Corin Hirsch’s fascination with the drinks of colonial New England began as an off-shoot of her interest in the artisanal food and beverage scene of Vermont and its environs. When an offer came her way to investigate the drinks scene from an historical perspective, she jumped at the chance to delve into the stories of the drinkways underlying the quotidian lives of New England’s colonials, resulting in her charming and well-illustrated book, replete with recipes, Forgotten Drinks of Colonial New England.

Modern imbibers who live by the ‘five o’clock’ rule are often stunned to learn that colonials often began their day with a healthy nip or two–or even more. Beers, ales, and hard ciders (made widely available in New England by the eighteenth century as apple orchards proliferated) were common and thought to be safer than water, especially in urban centers with sometimes iffy sanitation. Locally grown fruits and grains that could be fermented in lightly alcoholic brews were certainly more widespread than the relatively pricey coffee or tea that had to be imported and subject to British taxation. Mornings typically started with a  tankard of beer or cider, followed by another tankard-full at elevenses (a late morning break tradition brought over from England to sustain workers until the mid-afternoon dinner hour), just to keep hydrated during all the physical labors that were common to much of colonial life. An unresolved question is tipsy all this imbibing made the colonists; while some writers like to portray the colonists as drunkards (and some undoubtedly were), the relatively low alcohol content perhaps yielded nothing more than a pleasant glow that was welcome, whether laboring in the fields or in poorly-heated colonial buildings. By evening, depending on social class, the tipples might have shifted to wine, madeira, or brandy in upper-class homes. Students at Harvard were served beer from Harvard’s own brewery, as well as wine. Less sympathetic to the pleasure of alcohol were the founders of Dartmouth: its founding charter attempted to prohibit taverns within three miles of the college, although within a decade of its founding, the college president wrote with dismay to the governor of New Hampshire, ruing a particularly raucous tavern across from the college that had students dancing on the table at their elevenses.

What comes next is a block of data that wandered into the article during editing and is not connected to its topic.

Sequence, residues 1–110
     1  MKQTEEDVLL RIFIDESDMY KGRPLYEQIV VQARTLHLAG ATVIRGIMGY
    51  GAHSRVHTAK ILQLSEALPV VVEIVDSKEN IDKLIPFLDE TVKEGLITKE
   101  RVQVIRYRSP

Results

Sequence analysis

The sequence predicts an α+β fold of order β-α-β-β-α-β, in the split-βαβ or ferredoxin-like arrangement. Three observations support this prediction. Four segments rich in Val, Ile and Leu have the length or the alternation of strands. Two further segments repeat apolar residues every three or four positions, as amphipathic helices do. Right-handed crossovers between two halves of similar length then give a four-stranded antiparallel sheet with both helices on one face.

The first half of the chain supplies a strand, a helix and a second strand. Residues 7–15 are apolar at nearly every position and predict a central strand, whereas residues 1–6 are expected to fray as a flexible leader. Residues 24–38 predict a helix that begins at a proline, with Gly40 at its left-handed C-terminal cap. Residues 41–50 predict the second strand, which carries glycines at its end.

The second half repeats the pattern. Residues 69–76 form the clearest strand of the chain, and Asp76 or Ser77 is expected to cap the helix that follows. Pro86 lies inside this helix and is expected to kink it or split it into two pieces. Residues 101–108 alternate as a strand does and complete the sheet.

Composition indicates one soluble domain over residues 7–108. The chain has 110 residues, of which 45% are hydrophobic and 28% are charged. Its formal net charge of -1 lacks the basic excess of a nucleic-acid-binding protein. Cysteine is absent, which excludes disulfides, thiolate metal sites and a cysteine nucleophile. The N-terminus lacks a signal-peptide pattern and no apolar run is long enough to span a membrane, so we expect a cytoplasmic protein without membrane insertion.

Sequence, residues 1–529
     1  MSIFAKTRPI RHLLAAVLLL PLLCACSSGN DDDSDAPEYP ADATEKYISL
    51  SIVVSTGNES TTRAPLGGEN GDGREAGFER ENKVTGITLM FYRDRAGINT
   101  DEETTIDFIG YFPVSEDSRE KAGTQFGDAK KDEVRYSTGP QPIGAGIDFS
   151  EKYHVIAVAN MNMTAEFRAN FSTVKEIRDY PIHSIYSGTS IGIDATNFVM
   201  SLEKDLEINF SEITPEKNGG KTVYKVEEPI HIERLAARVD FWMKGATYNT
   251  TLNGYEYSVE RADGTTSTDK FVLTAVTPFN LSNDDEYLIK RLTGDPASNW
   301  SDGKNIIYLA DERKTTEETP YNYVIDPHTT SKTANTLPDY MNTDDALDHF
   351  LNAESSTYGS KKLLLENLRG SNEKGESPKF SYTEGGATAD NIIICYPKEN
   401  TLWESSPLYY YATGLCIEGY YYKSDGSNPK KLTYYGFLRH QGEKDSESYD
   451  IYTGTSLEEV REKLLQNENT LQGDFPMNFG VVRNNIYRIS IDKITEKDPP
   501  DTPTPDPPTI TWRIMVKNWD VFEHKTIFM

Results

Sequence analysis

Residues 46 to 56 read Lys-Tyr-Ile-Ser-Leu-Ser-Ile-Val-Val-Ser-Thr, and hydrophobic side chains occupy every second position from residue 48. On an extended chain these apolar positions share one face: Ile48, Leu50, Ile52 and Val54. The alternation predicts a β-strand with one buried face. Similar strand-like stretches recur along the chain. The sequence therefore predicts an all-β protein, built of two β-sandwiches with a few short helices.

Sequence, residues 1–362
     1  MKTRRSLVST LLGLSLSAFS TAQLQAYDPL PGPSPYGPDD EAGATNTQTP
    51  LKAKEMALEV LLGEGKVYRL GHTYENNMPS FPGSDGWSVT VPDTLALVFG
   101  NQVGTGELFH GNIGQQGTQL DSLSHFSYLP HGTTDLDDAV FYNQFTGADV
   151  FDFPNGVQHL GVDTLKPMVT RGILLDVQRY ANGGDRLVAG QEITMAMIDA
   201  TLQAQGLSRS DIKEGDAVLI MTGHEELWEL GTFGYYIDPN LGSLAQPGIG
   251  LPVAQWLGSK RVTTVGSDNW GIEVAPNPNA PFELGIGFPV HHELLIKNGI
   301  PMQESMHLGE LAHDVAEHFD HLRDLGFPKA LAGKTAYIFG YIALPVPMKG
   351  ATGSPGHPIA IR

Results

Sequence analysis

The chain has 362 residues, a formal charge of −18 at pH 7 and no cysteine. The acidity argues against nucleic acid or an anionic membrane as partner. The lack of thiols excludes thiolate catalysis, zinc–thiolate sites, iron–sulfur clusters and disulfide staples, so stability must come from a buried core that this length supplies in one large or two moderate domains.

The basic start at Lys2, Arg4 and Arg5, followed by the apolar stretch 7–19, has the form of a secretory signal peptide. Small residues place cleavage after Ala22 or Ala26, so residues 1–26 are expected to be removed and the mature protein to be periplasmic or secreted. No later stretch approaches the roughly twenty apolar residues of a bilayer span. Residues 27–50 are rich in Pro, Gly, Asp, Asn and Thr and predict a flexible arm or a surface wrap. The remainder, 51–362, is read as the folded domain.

But much consumption took place in the tavern, the locus of social and political life in colonial New England. Taverns performed multiple functions in the seventeenth through early nineteenth centuries, acting not only as a place for travelers to sojourn, but as clearing houses for news (in addition to the coffeehouses that attracted the merchant class intent on conducting serious business) and political debate. While some taverns had broad liquid offerings, many specialized in a particular drink–anachronistically ‘cocktails’ as that term only came into usage in the early nineteenth century–often guided by local availabilities of ingredients. And it is some of these tavern specialties that were a gustatory highlight of Hirsch’s talk, where she included  a tutored tasting of three colonial-era drinks: Flip, Rattle Skull, and Stone Fence (pictured here in a modern-looking interpretation), as well as some colonial treats pre-talk, including pickled vegetables, Boston Brown Bread, and a luscious syllabub.

The Stone Fence brought together two of the key alcohols central to Hirsch’s talk: rum and cider, in a ratio of 2 parts rum to five parts hard apple cider, nowadays enlivened with a dash of bitters. Hirsch relayed (with a scholarly degree of skepticism) the folklore that Ethan Allen’s Green Mountain Boys fortified themselves with generous slugs of Stone Fence before attacking and successfully overcoming the English forces at Fort Ticonderoga in the early stages of the Revolutionary War. The importance of rum in the colonists’ daily lives should not be underestimated, nor can the spectre of slavery be ignored: by the mid-seventeenth century, rum had become a welcome and widely-consumed secondary byproduct of the infamous Triangle Trade, as rum could be distilled from molasses, the byproduct of sugar refining. While the earliest rums were distilled in the Caribbean, mellowing along the journey from the islands to New England and then on to England, the colonists soon began buying the molasses to distill their own product. By the early eighteenth century, rum exports were a significant part of the colonial economy and British taxation and tariffs on sugar and molasses were one of the economic provocations (along with print and tea taxes) that fed revolutionary fervor.

After the Revolutionary War, rum’s importance declined as whisky, produced from local grains, rose in economic importance. But The Whisky Rebellion, and the changing role of booze in the lives of New Nation Americans, is a story for another time.